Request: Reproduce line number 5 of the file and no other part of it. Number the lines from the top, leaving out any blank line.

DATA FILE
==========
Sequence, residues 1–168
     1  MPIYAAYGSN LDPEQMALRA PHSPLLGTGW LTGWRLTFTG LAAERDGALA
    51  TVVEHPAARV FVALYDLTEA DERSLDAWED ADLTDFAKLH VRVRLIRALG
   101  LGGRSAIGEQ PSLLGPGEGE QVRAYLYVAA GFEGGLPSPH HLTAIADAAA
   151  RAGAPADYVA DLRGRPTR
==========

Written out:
   151  RAGAPADYVA DLRGRPTR